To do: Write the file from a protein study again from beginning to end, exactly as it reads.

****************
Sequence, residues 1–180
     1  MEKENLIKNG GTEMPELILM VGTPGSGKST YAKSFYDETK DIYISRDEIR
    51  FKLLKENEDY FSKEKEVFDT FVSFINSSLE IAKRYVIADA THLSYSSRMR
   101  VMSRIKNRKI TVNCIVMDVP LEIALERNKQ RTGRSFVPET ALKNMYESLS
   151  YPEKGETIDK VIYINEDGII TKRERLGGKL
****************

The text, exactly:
Sequence, residues 1–180
     1  MEKENLIKNG GTEMPELILM VGTPGSGKST YAKSFYDETK DIYISRDEIR
    51  FKLLKENEDY FSKEKEVFDT FVSFINSSLE IAKRYVIADA THLSYSSRMR
   101  VMSRIKNRKI TVNCIVMDVP LEIALERNKQ RTGRSFVPET ALKNMYESLS
   151  YPEKGETIDK VIYINEDGII TKRERLGGKL